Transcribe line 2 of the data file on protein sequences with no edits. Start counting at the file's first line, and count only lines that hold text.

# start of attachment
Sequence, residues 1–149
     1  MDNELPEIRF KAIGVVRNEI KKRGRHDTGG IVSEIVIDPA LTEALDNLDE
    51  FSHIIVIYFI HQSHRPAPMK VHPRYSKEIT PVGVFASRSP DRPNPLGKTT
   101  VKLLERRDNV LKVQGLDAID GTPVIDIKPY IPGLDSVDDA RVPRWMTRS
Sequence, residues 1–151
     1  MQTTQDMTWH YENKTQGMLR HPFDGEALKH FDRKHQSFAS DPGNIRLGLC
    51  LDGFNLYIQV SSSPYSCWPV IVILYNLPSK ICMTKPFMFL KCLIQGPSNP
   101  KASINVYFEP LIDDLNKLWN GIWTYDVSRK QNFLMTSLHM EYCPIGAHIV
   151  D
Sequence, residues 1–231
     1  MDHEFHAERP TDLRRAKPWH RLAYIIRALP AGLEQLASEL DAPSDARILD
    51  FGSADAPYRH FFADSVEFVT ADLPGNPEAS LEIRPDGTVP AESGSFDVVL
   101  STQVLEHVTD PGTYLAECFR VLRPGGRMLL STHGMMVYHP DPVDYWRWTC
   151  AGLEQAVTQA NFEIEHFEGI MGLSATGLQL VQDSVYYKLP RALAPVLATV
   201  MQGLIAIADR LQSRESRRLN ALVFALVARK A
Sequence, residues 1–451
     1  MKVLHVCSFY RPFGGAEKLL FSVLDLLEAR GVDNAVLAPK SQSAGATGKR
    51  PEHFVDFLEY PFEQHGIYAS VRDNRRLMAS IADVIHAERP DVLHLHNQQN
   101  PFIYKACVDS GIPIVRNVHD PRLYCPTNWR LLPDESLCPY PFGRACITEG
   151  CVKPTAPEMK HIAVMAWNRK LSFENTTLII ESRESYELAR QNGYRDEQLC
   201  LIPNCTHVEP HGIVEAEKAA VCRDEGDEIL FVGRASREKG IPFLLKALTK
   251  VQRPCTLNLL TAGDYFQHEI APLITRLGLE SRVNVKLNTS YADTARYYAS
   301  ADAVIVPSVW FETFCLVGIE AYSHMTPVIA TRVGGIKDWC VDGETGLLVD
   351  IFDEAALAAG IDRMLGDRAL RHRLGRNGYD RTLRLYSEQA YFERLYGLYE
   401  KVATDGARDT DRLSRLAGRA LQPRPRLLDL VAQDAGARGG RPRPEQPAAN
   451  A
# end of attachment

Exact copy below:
     1  MDNELPEIRF KAIGVVRNEI KKRGRHDTGG IVSEIVIDPA LTEALDNLDE